Linking Greenville's Neighborhoods to Jobs and Open Space        


City of Greenville, South CarolinaJune 2013, Issue No. 16


A.J. Whittenberg
Greenhouse Complete! 

Additions of green rain-gutters, plastic bottles cut in half for shingles, and two painted rain barrels mark the completion of the 2-liter bottle greenhouse, accomplished with the help of elementary school students at A.J. Whittenberg. The project was led by the Livability Educator with a grant from SCDHEC's Champions of the Environment program. Nearly 2,000 soda bottles were cut and fitted together to create this sustainable structure!


More information about the project, including values of green building, resource conservation, and water quality, can be found on the Connections greenhouse website.


Connections for Sustainability - film logo
Weight of the Nation
Monday, July 15, 6 PM
Kroc Center

Join us for Sustainable Cinema at the Kroc Center for a viewing of HBO's documentary Weight of the Nation film with clips relating especially to what we can do as a community to fight obesity and weight-related illnesses. 



Value of Play
Tuesday, July 16, noon - 1:30 
Kroc Center
Carly Summer from the US Play Coalition will be here to teach the value of play on mental and physical health, especially as adults, for part of the Sustainable Conversations series. We will serve light and healthy refreshments, and enjoy recess with toys from the new City Parks and Recreation mobile bus!  
More information can be obtained by contacting us at, or on our website. 


       West Side Discusses City Park Plan  


City staff presented the Draft City Park Consensus Plan to West Side neighborhoods at Mountain View Baptist Church on June 4. Special thanks to Pastor Mills for allowing us to use his historic church. Both attendance and discussion were great, and a few local teens spoke up in support of the playing fields and basketball amenities. Solutions to event parking and flooding of the Reedy River were also discussed. The funding source needed to construct this potential park is still not known, but with the help of neighborhood residents and Mountain View Baptist Church, we are getting closer to having a strong plan of action should the money become available in the future.


More information about the potential park can be found on our website. Questions about the park planning process can be directed to Jeff Waters at 467-4350.
Sustainability Spotlight


Tapped Versus Bottled Water


by Emily Hays and Jaclin DuRant



It's summer time, the time of year where everyone is trying to beat the heat. An important part of staying healthy in the summer is drinking ample amounts of water to stay hydrated. It also seems to be that time of year where refrigerators are stocked full of bottled water, but is bottled water really the best choice? Here is some food for thought regarding the cost of bottled water and the Greenville public water supply:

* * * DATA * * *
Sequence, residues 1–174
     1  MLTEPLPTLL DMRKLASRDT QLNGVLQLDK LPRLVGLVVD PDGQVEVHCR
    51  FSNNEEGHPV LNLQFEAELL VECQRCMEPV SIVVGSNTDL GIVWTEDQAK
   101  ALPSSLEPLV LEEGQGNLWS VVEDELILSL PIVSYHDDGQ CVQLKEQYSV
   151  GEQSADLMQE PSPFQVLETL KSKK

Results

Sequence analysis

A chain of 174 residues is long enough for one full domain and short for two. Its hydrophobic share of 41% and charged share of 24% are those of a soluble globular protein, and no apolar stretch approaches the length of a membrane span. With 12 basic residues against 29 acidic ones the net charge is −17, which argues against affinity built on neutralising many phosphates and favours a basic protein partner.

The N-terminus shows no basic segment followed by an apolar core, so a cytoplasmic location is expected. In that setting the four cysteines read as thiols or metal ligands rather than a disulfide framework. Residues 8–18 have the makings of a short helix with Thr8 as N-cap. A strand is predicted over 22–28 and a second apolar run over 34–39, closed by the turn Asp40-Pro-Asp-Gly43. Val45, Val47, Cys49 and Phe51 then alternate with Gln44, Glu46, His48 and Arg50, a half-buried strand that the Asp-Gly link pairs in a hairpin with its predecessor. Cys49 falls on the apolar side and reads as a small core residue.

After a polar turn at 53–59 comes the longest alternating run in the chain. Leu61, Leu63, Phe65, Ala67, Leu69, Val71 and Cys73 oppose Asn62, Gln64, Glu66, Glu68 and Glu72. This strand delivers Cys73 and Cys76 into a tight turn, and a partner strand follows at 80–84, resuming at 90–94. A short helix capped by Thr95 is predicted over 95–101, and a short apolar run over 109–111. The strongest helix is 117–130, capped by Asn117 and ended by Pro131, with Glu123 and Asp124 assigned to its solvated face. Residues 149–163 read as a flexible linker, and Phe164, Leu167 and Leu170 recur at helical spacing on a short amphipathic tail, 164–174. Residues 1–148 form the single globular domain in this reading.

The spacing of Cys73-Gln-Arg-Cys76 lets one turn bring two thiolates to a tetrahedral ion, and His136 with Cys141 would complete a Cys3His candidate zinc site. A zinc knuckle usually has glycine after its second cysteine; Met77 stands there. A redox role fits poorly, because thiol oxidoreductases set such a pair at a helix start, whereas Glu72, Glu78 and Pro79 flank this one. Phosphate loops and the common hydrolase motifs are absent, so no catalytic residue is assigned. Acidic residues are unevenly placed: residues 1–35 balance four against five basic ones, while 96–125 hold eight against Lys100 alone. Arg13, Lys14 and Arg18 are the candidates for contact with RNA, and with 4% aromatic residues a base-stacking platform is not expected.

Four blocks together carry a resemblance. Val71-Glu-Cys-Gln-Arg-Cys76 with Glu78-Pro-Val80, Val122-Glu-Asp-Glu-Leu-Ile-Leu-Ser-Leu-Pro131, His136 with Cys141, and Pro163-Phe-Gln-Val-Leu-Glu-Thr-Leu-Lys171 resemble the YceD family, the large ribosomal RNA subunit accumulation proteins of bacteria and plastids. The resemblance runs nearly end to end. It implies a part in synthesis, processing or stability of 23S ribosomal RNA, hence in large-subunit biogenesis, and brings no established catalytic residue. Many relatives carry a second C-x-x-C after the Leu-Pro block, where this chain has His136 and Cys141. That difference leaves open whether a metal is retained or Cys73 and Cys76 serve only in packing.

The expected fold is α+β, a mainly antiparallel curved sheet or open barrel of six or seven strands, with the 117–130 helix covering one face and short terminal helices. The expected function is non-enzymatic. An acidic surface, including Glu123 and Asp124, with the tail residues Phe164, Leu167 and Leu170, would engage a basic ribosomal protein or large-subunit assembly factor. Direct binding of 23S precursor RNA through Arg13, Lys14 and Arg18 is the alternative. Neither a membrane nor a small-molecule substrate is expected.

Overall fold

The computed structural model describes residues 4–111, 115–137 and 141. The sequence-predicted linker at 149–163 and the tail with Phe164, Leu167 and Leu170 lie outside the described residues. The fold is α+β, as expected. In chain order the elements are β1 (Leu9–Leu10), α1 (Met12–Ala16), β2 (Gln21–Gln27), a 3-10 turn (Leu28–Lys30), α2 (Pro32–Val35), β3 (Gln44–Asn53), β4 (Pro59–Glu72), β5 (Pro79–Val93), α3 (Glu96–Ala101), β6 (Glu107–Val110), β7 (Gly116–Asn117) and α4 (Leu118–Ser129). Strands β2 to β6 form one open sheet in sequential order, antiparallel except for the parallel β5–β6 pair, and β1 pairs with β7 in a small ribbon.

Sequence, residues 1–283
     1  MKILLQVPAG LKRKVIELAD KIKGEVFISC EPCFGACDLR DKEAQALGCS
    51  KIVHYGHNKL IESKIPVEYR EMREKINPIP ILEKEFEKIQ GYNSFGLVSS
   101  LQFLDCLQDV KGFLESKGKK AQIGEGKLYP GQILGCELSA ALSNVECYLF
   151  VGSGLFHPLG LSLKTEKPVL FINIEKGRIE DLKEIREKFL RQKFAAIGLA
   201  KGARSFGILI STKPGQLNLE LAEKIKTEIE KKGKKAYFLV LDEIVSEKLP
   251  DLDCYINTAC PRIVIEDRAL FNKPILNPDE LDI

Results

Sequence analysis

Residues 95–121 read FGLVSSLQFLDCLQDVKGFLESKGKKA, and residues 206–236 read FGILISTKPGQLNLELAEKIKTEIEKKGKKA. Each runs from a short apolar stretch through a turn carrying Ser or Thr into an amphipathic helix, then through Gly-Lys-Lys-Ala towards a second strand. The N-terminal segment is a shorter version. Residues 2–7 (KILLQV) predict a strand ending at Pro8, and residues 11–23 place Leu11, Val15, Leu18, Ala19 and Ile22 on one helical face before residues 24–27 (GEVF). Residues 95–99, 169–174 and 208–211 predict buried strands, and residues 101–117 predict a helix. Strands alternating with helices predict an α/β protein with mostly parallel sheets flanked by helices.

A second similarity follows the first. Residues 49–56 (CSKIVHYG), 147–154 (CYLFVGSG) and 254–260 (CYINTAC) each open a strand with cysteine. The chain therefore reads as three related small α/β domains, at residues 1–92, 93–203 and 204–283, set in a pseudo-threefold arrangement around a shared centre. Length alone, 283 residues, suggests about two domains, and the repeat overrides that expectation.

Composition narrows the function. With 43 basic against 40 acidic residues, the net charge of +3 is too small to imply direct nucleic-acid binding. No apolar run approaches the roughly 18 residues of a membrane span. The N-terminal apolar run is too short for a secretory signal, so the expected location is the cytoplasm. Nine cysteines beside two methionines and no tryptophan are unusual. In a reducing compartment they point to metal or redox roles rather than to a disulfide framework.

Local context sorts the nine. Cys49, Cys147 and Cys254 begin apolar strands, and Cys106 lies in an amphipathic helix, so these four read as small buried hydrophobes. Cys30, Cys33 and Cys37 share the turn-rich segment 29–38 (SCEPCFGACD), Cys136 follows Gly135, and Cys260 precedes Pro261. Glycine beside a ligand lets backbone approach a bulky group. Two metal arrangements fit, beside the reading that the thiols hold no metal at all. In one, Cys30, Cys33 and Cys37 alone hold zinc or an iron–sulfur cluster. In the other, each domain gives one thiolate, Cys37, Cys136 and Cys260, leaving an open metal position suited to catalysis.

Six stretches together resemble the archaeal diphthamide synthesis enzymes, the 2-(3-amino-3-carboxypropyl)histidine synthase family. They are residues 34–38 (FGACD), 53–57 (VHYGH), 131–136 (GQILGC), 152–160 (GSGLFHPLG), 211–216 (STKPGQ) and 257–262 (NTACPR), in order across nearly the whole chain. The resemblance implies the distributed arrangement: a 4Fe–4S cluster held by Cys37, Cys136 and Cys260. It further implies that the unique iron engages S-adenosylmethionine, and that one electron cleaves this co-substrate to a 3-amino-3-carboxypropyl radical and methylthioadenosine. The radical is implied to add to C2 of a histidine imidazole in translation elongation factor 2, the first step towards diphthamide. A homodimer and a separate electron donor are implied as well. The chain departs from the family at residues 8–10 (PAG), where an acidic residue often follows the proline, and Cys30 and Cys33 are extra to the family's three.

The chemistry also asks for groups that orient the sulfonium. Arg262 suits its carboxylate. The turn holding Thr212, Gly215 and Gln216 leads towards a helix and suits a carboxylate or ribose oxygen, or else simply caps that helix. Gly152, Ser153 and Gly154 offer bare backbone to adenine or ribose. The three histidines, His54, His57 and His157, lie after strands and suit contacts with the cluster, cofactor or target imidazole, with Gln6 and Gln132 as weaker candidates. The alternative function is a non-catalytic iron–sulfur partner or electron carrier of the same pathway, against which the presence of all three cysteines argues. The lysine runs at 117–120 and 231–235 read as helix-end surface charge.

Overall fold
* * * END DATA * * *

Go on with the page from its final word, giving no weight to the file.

There are some benefits to bottled water. Bottled water is highly convenient, widely available, and packaged in highly transportable, individualized containers. Spending money on bottled water is a much healthier option than purchasing drinks high in sugar, like sodas and energy drinks. Yet, the true cost of bottled water can be found in the supply chain and the lasting effect it has on the environment.


Americans consume approximately 29 billion gallons of bottled water every year. It takes about 17 million gallons of crude oil to make this amount of plastic bottles, which is enough to keep a million cars on the road for a year. Following the creation of the bottles, they must be filled and packaged, then transported to a store to be sold. Every step of this process uses energy. The cost of materials and processing for a gallon of bottled water is equivalent in price to a gallon of gasoline. Though plastic bottles are highly recyclable, only about 15% of used water bottles are recycled annually. Most of the plastic from bottled water ends up in landfills, oceans, or ecosystems.


The primary difference between bottled and tap water is the cost, both environmentally and economically. The Environmental Protection Agency (EPA) states, "if you drink your daily recommended 8 glasses of water per day from the tap, it will cost you about 50 cents per year. If you choose to drink it from water bottles, it can cost you up to $1400 dollars." That's a difference of $1399.50 annually!


One of the main reasons people chose to drink bottled water is the taste. Luckily, Greenville is ranked as one of the top five cities in the United States for cleanest water. The public water supply for the City of Greenville comes from three suppliers: the Table Rock Reservoir, North Saluda Reservoir, and Lake Keowee. The Greenville Water System governs operations at both the Table Rock and North Saluda reservoirs; these reservoirs are forested, highly protected areas with little contamination due to lack of development. Greenville's water won the "Best of the Best" taste test at a national conference in 2011.


It is important that you research the quality of the water you are drinking, whether bottled or tap. Tap water quality is regulated by the EPA, while the Food and Drug Administration (FDA) regulates bottled water. The EPA releases annual reports about water sources and contamination. Stay informed about Greenville's water supply by reading the annual water quality report.


A great way to reduce the pollution, energy use, and waste caused by bottled water consumption is to make a different choice and use a reusable bottle.  You will protect our environment, save money, and stay hydrated all summer long!




Join Our Mailing List!

Email us:

Call us: 864.467.4570